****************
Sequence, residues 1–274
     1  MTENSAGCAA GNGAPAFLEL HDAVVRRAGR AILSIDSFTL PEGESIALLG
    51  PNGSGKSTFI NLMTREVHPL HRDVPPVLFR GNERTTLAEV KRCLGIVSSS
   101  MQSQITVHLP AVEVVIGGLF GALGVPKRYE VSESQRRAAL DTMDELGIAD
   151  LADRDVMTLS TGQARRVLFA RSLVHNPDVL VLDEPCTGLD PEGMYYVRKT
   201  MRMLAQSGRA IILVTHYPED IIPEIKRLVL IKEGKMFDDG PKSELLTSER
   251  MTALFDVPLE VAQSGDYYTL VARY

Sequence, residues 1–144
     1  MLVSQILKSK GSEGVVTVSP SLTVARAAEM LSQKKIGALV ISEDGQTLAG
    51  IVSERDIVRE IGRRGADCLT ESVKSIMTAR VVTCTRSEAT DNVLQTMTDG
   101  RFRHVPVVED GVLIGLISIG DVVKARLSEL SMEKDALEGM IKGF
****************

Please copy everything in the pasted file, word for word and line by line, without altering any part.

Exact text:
Sequence, residues 1–274
     1  MTENSAGCAA GNGAPAFLEL HDAVVRRAGR AILSIDSFTL PEGESIALLG
    51  PNGSGKSTFI NLMTREVHPL HRDVPPVLFR GNERTTLAEV KRCLGIVSSS
   101  MQSQITVHLP AVEVVIGGLF GALGVPKRYE VSESQRRAAL DTMDELGIAD
   151  LADRDVMTLS TGQARRVLFA RSLVHNPDVL VLDEPCTGLD PEGMYYVRKT
   201  MRMLAQSGRA IILVTHYPED IIPEIKRLVL IKEGKMFDDG PKSELLTSER
   251  MTALFDVPLE VAQSGDYYTL VARY

Sequence, residues 1–144
     1  MLVSQILKSK GSEGVVTVSP SLTVARAAEM LSQKKIGALV ISEDGQTLAG
    51  IVSERDIVRE IGRRGADCLT ESVKSIMTAR VVTCTRSEAT DNVLQTMTDG
   101  RFRHVPVVED GVLIGLISIG DVVKARLSEL SMEKDALEGM IKGF